A Better Vodka Tonic
It’s the simple highball that keeps the party going. And while simple is good, basic is not.
Photos by Aaron Job
We’re an image-conscious bunch—for better or worse—curating our homes, lives, and Instagram posts to stand out in the crowd. Why be basic when it comes to what’s really important: what we put into our bodies.
Let’s start with that old standby, the vodka tonic. Why are so many of us willing to settle for such poor quality when ordering a VT at the bar or (worse yet) when hosting friends? What you’re drinking is probably fine, but since when is “fine” something to strive for? Instead, try these inexpensive and easy upgrades to take that VT from fine to fabulous.
Make Your Tonic Tops
It’s common to call for a certain brand of vodka, but who thinks about the tonic water? I do, and you should, too. Tonic makes up approximately two-thirds of the drink by volume and has a much bigger impact on the flavor of the cocktail than the vodka does. Poor-quality tonic not only tastes bad but it tends to be loaded with enough high fructose corn syrup to leave you with a hangover.
Unfortunately, if you’re ordering from one of our area gay bars, they’re mixing your vodka with tonic from a soda gun. That’s discouraging—but, as I found, not all gun tonics are equally bad. I was pleasantly surprised by the flavor of the tonic that Lush serves, so I asked assistant manager James Nelson about it. They serve the MinneSoda tonic that’s made in Minneapolis, in small batches, by the Shamrock Group.
If you’re stuck with artificial-tasting, syrupy-sweet tonic as your only option, try this pro tip: ask the bartender to mix your vodka with half tonic and half soda water. You’ll still get the flavor and body of the tonic, but the additional soda water will at least cut the bad stuff in half.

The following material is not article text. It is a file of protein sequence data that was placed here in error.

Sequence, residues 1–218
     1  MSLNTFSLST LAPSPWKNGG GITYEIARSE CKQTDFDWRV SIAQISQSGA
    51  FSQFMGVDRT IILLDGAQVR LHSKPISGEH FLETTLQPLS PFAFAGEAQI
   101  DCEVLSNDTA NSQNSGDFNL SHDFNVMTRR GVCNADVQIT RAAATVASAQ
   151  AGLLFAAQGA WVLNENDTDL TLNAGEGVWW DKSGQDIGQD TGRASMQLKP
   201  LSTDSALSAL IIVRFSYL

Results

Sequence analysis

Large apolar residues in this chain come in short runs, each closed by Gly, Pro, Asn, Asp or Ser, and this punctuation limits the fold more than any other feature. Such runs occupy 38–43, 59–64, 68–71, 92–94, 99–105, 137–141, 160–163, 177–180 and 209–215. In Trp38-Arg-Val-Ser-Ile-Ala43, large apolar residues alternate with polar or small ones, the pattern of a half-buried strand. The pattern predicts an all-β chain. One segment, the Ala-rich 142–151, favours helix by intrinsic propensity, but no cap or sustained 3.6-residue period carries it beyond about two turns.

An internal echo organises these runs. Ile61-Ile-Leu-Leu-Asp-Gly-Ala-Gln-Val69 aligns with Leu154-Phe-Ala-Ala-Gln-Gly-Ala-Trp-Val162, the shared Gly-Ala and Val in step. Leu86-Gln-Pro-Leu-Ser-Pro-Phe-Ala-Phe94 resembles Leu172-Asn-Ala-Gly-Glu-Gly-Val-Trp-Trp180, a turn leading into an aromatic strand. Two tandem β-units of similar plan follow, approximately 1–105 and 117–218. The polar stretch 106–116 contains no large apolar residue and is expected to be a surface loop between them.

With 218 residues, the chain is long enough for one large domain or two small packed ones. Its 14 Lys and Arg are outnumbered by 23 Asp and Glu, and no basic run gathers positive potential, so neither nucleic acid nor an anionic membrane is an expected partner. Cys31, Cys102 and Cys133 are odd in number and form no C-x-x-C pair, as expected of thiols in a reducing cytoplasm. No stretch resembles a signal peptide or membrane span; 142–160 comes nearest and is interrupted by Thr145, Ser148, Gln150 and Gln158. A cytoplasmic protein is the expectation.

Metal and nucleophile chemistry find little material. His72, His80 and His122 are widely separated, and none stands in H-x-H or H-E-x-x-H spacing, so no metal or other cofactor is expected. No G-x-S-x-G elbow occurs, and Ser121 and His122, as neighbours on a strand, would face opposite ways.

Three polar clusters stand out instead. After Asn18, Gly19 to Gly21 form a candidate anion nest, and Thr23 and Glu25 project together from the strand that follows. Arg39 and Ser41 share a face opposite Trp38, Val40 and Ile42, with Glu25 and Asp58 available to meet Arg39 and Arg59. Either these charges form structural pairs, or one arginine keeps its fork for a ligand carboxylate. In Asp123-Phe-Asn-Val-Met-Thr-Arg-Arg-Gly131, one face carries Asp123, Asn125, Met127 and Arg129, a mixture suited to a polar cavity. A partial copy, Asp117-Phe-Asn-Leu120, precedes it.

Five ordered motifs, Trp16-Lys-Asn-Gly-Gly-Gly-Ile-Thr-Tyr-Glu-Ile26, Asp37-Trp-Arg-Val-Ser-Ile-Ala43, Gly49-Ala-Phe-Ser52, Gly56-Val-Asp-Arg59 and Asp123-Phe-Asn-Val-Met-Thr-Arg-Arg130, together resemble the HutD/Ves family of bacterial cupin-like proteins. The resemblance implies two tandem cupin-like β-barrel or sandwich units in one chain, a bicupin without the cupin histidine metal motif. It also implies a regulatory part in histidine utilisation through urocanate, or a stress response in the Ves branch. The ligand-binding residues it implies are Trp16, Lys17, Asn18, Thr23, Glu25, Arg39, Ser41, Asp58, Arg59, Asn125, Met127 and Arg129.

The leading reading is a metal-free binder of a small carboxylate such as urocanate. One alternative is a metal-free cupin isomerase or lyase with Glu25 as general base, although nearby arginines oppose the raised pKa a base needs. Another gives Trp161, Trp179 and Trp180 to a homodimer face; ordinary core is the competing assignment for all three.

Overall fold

Still, the first bar that offers me the option to upgrade to a high-quality bottled tonic water, even for an additional charge, can have all of my money.
Home Team Advantage
You control your tonic destiny when mixing cocktails at home, so it’s not hard to build a better vodka tonic with a little planning.
The global brands, like Schweppes and Canada Dry, are ubiquitous, inexpensive, and passable. The thin, slightly bitter taste is what most people think of as “tonic,” and between the two, Schweppes’ bright, balanced taste far outshines the cloying Canada Dry.
Fever-Tree is a widely available premium brand that costs a bit more, but you get natural, pronounceable ingredients (and no corn syrup) for the money. Fever Tree actually has four tonics to choose from, each designed to complement different spirits; I tried the Mediterranean Tonic, which had a full, bold flavor and an eye-catching effervescence that wouldn’t quit.
My favorite tonic in the world is Blue Henn, an artisanal tonic syrup made locally in the Twin Cities. It’s a little more expensive than other options, and there’s the extra step of needing to measure the syrup and add soda water, but its silky-smooth texture and citrus, lavender, and lemongrass notes make it superior to everything else I’ve tasted. Look for it in liquor stores.
The Vodka Variable
Don’t get me wrong—the vodka part of the vodka tonic is important, too. Although, more often than not, the “best” vodka is often just a personal preference. (By law, vodka is distilled at such a high proof that most of the impurities and flavor are removed.) Still, the distillation process imparts enough character that I do have four go-to vodka choices.
I drink Ketel One on the nights I’m feeling fancy. Its flavor is ranked as high as Grey Goose by Wine Enthusiast and costs about $10 less. Tito’s Handmade Vodka is delicious and inexpensive, a great mixing vodka for the value. Minnesota-made Prairie Organic Vodka bridges the gap between global and regional brands; has a neutral, clean, crisp taste; and supports the local economy. I recommend and regularly drink all three.
That said, J. Carver Premium Vodka is my secret weapon in the battle for home-bar supremacy. It’s distilled in Waconia from 100-percent Minnesota-grown winter wheat, which imparts a smooth, silky texture to this award-winning craft vodka that can even be sipped neat.